By Katy Kelly
Curvy is back. Women are tired of the inaccurate and disproportionate representation of females in Hollywood and want to see a wider representation of body types. Typically, if a woman wants to score a leading role in film, prerequisites for a role are youth, attractiveness and slenderness. However, the frustrated voices regarding this trend have been heard all over Hollywood, and audiences are starting to see the slow progression of a more truthful, realistic portrayal of “real women” on the big screen.
Nearly everyone has seen the iconic picture of Marilyn Monroe in her 1954 film, “The Seven Year Itch.” You know the one. Marilyn standing over a New York City storm drain, white dress whisking up by her sides, looking sexier than, well everyone actually. Marilyn Monroe is regarded as one of the sexiest women of all time. And the thing is, Marilyn was not a petite, skinny woman. Marilyn had some serious curves. The sexiest woman from the 50s, a woman who charmed businessmen and politicians alike—a woman who ran the Hollywood scene was curvy. It makes one wonder what has happened in the past 60 years that a woman with the figure of Marilyn Monroe is now considered “too hefty” to play lead roles in Hollywood.
“I think there is more celebration of curviness with this recent ‘mainstreamization’ of butts and hips,” said sophomore theater major Monica Albizo. “You can see this trend more so in television. Mindy Kaling and Christina Hendricks come to mind. They are powerful female leads and they don’t have super skinny bodies.”
Albizo observation brings up the realization that television series tends to be more lenient when hiring curvier women to play lead characters. With television, there is less focus on one main character, but rather it follows the lives of all the characters together and focuses on a collective cast. People watch shows like “Parks and Recreation” and “The Office” because they enjoy watching the ensemble cast, regardless of the fact that some of the cast has curvier bodies than others.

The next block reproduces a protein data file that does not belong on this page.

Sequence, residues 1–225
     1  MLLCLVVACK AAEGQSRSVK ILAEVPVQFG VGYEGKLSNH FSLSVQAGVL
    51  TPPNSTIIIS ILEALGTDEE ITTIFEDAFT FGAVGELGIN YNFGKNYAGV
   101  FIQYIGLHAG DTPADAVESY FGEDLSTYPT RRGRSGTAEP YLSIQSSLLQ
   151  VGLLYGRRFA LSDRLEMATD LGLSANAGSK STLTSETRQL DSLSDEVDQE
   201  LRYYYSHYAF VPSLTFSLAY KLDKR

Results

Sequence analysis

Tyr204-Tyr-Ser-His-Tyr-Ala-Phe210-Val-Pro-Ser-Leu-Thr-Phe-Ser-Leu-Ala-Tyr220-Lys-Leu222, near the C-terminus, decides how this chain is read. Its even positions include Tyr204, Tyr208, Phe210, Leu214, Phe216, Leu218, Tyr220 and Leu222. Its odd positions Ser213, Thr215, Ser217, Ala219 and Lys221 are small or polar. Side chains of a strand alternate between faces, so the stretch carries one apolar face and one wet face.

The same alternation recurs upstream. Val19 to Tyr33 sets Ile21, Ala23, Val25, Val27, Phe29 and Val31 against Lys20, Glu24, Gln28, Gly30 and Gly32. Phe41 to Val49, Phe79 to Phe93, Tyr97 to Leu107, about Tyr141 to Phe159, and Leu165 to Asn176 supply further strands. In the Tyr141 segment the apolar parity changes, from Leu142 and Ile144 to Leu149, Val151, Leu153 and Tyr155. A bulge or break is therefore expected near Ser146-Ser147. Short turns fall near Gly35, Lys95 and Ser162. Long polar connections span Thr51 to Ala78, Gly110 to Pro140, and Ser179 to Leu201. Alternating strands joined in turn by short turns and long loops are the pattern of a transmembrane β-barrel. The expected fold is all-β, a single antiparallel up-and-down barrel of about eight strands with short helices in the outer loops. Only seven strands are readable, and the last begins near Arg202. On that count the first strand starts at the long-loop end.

Female comedian Amy Schumer, who jokingly announced last summer in a statement that went viral saying “I’m 160 pounds and can catch dick whenever I want,” constantly makes jokes at her own expense about her physical appearance. While her jokes are hilarious, they often point out the absurd beauty expectations there are for women, especially in Hollywood. As she said on “Ellen,, “Like in L.A. my arms register as legs and it’s like, ‘Why is that octopus on Sunset?’”
Females like Schumer who are making a huge splash in Hollywood despite their size does offer hope that this trend of “real-looking women” is one that will continue on our screens, but there is still much more to do. “I feel like movies and TV shows are almost a reflection of society itself, and what society desires, which is thin women,” input senior public relations major Samara Tu. “However, I think what a woman doesn’t have in physical attractiveness, she can make up for in personality and being a comedic figure.”
Albizo supports Tu’s observation when she said, “I feel like women who are heavier are still typecast in these comedic roles. Women like Amy Schumer, Melissa McCarthy, Rebel Wilson are always the ‘funny girls.’”
Even though curvier women are getting more recognition in film, they are not put into serious leading roles. Hollywood seems to only hire beautiful, thin women for leading roles because those are the types of women that can be taken seriously. Sex appeal is still a major requirement for actors in Hollywood, and it seems curvier women are still not seen as sexual in film.
“I think this trend is great, and I that Ashley Graham is especially stunning, said senior communication major Nicole Ruderman. “She is the perfect body size for anyone who defines themselves as ‘curvy.’ Ashley Graham is someone who is an amazing role model because she is modeling next to someone like Gigi Hadid, who is stunning and perfect, but so is Ashley.”
Ruderman thought models like Ashley Graham show off another type of stunning and perfect, and that is exactly what our society needs more of. The modeling world is slowly beginning to accept more curvier female models; brands like Aerie and Dove have launched very popular campaigns using ‘real women’ who actually have curves to model for their products. This slow progression toward acceptance of curvier women, in both Hollywood and the modeling world, is a long time coming.